Several of those mentioned in the police file were in fact tailed by plain clothes detectives for extensive periods. In 1842 ‘PC 20’ spent some time in Margate watching William John Grant, who had written to Victoria, Wellington and Sir J Graham about the condition of convicts. Grant’s complaints about the convict service, allied to the fact that he had once shot a man, evidently justified this use of police time.1 Another man thought to constitute a threat was Lieutenant Frederick Mundell, a former officer of the 69th Regiment, who believed his promotion had been deliberately blocked. Mundell spent most of his time wandering London seeking redress for his wrongs, and among those he approached were Victoria and Wellington. In November 1846 the Lord Steward, who was responsible for safety inside the royal palaces, wrote to the Police Commissioner, Colonel Rowan, saying that Mundell was ‘probably mad, or a fool, or both, but there is something in the tone of his letter, especially the latter part of it, which further betokens his belonging to the genus dangerous’.2 This was certainly an overreaction, and a Home Office reply was more realistic when it stated that ‘There is an approach, but no menace, to the Queen and there is not enough for the Home Office or for a magistrate to interfere. All that can be done is that the hundred eyed police should watch, and keep all safe’. Between 1846 and 1853 Mundell was tailed almost continuously, except for a few brief periods when he was gaoled for unacceptable public behaviour. Among those who followed him were PC 182 ‘C’ Division, James Johncock; PC 10 ‘C’ Division, John Gray; PC 140 ‘B’ Division, Thomas Collard and PC 118 ‘D’ Division, John Marshall. Other officers also involved were PC Partridge (for 96 days), PC Handley (for 133 days) and the former Bow Street Runner, Mr Ballard. This surveillance extended all over London, and to Manchester, Brighton, Walmer, and Ramsgate. On the few occasions Mundell eluded his shadows and moved lodgings, the police employed a specialist, Inspector Whall, to find him. The police didn’t only content themselves with following Mundell though. His room was searched on a daily basis at one lodgings, and those around him were constantly questioned as to his behaviour and intentions. The Police Commissioners evidently thought him dangerous, especially after he was found with loaded pistols on two occasions.3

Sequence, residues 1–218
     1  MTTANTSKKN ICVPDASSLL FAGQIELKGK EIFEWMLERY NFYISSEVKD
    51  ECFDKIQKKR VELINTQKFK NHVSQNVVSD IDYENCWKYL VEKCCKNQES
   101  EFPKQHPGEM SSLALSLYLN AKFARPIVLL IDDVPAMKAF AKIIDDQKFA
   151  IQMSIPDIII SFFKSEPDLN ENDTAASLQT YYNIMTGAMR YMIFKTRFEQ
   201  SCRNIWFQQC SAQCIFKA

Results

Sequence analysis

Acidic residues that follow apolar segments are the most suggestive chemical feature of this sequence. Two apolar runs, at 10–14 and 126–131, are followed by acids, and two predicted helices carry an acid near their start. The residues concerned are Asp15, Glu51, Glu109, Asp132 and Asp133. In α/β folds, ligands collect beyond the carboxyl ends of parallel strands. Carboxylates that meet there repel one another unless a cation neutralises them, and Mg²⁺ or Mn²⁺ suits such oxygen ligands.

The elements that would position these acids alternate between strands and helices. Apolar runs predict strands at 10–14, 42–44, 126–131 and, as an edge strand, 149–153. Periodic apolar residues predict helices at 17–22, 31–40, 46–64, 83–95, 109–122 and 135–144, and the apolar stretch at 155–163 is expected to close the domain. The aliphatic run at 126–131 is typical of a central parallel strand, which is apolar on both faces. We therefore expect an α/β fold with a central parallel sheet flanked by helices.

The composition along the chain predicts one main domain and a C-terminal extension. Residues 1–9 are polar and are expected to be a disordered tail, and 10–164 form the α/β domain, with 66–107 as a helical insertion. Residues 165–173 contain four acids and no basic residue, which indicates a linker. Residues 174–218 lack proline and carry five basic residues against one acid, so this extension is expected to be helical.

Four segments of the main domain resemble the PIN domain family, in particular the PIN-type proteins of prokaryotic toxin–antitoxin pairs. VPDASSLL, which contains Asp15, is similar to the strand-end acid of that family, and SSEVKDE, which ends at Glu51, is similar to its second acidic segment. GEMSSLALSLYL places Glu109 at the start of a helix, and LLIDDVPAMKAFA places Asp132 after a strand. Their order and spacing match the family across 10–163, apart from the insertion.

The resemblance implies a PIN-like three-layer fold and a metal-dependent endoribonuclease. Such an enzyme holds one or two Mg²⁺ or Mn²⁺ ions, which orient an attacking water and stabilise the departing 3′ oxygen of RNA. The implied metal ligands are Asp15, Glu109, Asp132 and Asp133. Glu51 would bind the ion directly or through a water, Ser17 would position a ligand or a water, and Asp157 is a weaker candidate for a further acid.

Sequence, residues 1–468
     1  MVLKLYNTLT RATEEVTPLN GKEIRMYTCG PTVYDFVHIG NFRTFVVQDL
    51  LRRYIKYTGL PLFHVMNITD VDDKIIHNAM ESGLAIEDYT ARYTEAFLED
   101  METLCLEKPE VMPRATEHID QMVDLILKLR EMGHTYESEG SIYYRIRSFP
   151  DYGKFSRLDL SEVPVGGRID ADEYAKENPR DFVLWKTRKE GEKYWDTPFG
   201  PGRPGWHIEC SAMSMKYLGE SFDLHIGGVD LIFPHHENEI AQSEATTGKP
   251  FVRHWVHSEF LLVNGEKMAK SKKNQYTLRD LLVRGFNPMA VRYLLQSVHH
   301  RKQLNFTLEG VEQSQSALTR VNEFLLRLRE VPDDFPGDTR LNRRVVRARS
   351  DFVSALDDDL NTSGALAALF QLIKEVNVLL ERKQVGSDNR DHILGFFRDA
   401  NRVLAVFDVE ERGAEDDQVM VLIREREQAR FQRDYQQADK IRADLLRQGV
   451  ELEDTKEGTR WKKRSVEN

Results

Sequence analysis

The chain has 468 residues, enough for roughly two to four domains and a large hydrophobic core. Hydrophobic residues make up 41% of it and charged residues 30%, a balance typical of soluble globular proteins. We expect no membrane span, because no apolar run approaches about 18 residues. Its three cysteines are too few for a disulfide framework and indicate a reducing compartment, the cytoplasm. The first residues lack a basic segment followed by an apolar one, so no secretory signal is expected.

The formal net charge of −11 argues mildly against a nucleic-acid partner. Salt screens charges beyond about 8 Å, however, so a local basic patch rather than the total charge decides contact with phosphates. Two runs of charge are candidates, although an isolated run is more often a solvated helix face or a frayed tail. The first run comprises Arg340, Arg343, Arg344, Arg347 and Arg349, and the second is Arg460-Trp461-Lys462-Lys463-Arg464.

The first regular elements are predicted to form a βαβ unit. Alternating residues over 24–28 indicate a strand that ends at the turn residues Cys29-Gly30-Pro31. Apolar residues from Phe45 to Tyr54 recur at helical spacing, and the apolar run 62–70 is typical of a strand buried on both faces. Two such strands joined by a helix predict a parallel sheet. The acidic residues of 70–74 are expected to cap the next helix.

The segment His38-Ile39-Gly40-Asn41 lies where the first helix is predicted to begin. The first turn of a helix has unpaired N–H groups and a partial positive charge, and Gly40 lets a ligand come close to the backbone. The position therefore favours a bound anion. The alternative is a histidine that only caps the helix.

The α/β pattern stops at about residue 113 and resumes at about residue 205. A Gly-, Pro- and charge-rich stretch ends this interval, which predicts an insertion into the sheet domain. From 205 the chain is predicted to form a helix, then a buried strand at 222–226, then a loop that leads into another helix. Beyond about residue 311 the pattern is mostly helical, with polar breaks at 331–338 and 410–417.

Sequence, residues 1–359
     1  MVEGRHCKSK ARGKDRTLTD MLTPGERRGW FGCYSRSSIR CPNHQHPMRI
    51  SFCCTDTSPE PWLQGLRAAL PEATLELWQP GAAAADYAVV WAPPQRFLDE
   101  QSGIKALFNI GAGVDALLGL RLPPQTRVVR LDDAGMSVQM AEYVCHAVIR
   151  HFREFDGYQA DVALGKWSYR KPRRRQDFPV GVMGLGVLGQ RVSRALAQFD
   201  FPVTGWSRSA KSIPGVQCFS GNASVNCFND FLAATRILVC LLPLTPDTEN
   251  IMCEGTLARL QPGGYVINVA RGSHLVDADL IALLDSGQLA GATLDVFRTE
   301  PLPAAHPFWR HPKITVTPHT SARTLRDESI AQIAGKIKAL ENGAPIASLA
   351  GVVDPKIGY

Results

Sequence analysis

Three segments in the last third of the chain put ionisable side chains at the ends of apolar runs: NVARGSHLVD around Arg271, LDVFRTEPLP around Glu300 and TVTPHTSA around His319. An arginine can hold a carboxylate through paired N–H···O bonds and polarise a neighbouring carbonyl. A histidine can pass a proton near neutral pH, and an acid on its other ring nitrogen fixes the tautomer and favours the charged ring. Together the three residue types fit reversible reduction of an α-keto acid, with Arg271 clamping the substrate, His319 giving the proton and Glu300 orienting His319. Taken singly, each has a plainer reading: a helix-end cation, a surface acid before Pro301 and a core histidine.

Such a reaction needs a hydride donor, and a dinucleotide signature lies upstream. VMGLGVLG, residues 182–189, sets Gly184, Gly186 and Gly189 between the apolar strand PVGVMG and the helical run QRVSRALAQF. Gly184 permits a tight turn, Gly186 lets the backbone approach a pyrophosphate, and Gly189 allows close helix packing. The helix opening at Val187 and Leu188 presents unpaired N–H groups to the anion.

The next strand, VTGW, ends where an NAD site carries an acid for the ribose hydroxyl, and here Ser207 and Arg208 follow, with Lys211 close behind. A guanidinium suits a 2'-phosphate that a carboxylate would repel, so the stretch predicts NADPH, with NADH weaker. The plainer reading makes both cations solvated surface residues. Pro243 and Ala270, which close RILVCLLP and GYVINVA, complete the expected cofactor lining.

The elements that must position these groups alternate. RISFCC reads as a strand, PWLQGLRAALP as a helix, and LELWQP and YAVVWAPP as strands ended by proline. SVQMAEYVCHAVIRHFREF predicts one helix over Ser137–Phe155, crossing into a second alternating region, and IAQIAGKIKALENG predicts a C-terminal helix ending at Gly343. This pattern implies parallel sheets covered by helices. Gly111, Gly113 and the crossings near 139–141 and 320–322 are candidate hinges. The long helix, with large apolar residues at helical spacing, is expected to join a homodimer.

Mundell’s case is not only interesting in its illustration of police surveillance, but also because it highlights their role in the legislative process. Between 1848 and 1852 the Police Commissioners were in regular contact with the Lunacy Commission and Home Office in an attempt to draft effective legislation to deal with a loophole in the 1845 Lunacy Acts. These had repealed the 1828 Lunatic Care and Treatment Act which allowed the police to pick up a wandering lunatic and take him before a magistrate, and only allowed them to apprehend those who were paupers. The Police Commissioners were concerned at the mounting cost of keeping surveillance on various lunatics whom they could not arrest as the law stood.4

In addition to surveillance, the police had a role investigating the background to any situation which involved the Queen’s safety. In the case of John Francis, for example, they were asked to conduct a search for him after he had been observed presenting a pistol at Victoria’s carriage the day before actually firing at her. On the day of the incident plain clothes detectives had flooded Green Park to try and spot Francis before he could act again.5 Similarly police were involved in investigating the possibility of assailants being part of a wider conspiracy to bring down the monarch.

To be continued…

1 MEPOL2/44, Case 27

2 For more detailed discussion see Hervey N, Op Cit, p.271; Also MEPOL2/89 and MEPOL3/20 and 21. For Lord Steward’s letter see MEPOL2/89, Lord Steward to Colonel Rowan, 10 Nov 1846.